But Imola has also witnessed a more tragic story. Gerhard Berger suffered a serious accident there in 1989 when his single-seater caught fire after a violent exit from the track in the Tamburello corner. “That damn wall… Someday someone will die because it’s way too close to the track”, the Austrian pilot feared after his discharge from hospital. A prediction unfortunately confirmed. Five years later, Ayrton Senna suffered a fatal accident when he collided with the wall at full speed in exactly the same spot.

The day before, in qualifying, rookie Roland Ratzenberger had also suffered a fatal shock at the Villeneuve corner, ending the session ahead of Sunday’s dramatic race. The circuit then loses its splendor. “Of course, after the shock of Senna and Ratzenberger’s deaths, it wasn’t a place we really wanted to come back to”grins Jean Alesi.

The statue in honor of Ayrton Senna in Imola, in 2021. (FLORENT GOODEN / DPPI MEDIA / AFP)

After these accidents, the track started making adjustments to improve safety. The fastest corners are cut in chicanes, gravel traps are added. But Imola lost favor with the International Federation (FIA) and the track was withdrawn from the championship after the 2006 season. Work continued, the pit lane and paddock were torn down and completely rebuilt.

In 2011, Imola finally regained its capacity to host a Formula 1 Grand Prix. The return to the calendar took shape in 2016, when rumors circulated that the contract with Monza, which hosts the Italian Grand Prix, would fail. be extended. Imola owners will sign an agreement in principle with FOM (Formula One Management) in July to host the race from 2017. But Monza, backed by the Automobile Club of Italy (ACI), announces two months later that a new contract has been initialed to ensure its presence on the calendar.

Finally, it was the Covid-19 pandemic that gave the circuit its big comeback. In early 2020, Imola offered to replace the Chinese Grand Prix in uncertainty. In July, the route will be confirmed in the tight calendar established by the FIA, under the name Emilia-Romagna Grand Prix, the region where it is located. “A motorsport and motorcycle region, Ducati, Lamborghini, Maserati are also there”remembers Jean Alesi. “The return of a fantastic track, very old school”welcomes his side Formula 1 make the news official.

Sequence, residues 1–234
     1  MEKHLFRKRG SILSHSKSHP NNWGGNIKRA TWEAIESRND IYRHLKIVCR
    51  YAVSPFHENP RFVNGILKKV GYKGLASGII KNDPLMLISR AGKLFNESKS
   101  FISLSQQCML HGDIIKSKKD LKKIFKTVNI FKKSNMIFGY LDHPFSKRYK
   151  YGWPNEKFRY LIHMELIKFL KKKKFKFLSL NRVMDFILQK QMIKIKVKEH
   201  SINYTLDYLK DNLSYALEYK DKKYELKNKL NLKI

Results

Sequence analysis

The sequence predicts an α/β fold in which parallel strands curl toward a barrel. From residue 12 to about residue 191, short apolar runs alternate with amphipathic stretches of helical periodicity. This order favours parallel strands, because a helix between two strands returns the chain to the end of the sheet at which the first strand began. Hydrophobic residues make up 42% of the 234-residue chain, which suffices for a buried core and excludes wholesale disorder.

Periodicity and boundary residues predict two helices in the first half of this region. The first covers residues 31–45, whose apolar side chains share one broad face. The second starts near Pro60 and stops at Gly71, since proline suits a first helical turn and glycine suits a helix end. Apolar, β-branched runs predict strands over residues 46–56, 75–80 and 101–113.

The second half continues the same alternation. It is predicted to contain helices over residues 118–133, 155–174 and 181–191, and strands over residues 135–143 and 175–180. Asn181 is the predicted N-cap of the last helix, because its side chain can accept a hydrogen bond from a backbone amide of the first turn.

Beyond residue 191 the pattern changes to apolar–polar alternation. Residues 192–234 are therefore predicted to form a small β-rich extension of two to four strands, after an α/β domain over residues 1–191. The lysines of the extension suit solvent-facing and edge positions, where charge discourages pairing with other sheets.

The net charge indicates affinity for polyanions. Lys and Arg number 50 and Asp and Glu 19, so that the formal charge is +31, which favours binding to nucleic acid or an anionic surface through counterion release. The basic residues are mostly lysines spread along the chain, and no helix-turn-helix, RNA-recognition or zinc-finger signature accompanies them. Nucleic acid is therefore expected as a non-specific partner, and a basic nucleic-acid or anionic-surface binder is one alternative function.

The race, which took place at the end of October of that year, was full of twists and turns, notably seeing Daniel Ricciardo’s second podium with Renault. Renewed in 2021, still in place of China, the Grand Prix offers another great show, starting on a wet track, which gradually dries up. Max Verstappen signs the first of his ten victories of the season there. Based on these two successes, the FOM and the ACI have agreed to extend Imola’s presence on the calendar until 2025.

This weekend, after two editions behind closed doors due to sanitary measures, the 2022 edition returns from the public and the Tifosis, which will fill the spans of the autodrome for the first time in 16 years. With Scuderia Ferrari back at the forefront, driven by the fastest and most powerful single-seater on the grid, and Charles Leclerc leading the world championship, everything is in place for Imola to write a new page in his legend.